Professor Emeritus

Ph.D. Anthropology, University of Michigan 1984
M.A. Anthropology, University of Michigan 1978
M.A. Center for Japanese Studies, University of Michigan 1976
B.A. English Literature, College of Wooster 1970

Profile Field Tabs

Affiliated with: 
Sch Lang, Culture & Soc
Research/Career Interests: 

I have four ongoing projects that reflect my research interests. They center on food insecurity, agriculture, gender, and small-scale business in Oregon, Japan, and Tajikistan. I welcome graduate students whose research interests are related to mine: Low-income Gleaners in Oregon, Organic Agriculture in Japan, Small Businesswomen in Tajikistan, and The Changing Lives of Japanese Women.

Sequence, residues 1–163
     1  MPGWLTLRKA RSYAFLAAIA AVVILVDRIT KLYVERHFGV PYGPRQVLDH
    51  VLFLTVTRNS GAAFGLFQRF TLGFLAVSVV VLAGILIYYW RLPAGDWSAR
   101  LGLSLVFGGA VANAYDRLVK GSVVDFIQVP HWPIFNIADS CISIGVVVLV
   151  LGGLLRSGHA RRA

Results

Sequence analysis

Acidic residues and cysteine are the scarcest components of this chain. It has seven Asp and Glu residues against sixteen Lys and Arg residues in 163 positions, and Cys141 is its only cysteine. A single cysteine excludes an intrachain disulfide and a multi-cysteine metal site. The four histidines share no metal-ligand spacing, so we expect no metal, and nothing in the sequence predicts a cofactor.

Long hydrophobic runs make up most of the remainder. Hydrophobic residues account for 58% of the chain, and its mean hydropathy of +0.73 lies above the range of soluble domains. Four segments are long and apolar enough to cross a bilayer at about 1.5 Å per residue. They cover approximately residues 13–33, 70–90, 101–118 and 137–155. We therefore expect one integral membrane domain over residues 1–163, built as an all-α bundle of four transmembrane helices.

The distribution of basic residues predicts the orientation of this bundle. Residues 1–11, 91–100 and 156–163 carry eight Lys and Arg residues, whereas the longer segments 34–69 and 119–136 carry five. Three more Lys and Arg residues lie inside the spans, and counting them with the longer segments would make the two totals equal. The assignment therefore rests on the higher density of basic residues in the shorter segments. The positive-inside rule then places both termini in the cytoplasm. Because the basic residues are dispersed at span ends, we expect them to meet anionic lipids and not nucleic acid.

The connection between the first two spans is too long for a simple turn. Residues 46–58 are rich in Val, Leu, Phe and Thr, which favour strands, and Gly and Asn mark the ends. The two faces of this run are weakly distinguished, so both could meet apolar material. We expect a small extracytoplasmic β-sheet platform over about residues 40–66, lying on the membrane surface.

Low-income Gleaners in Oregon:

In conjunction with the Gleaners Groups of the Linn-Benton Food Share, I am doing an oral history project with Gleaners. Gleaners are volunteers who work to increase their food insecurity through various forms of food gleaning.  They gather and distribute the food not only to people in their group but also to adoptees who cannot participate because of disabilities.  We are going to interview people about their achievements and challenges throughout their lives as well as about their participation in Gleaning. Graduate students will be helping me with this project.  

Organic Agriculture in Japan: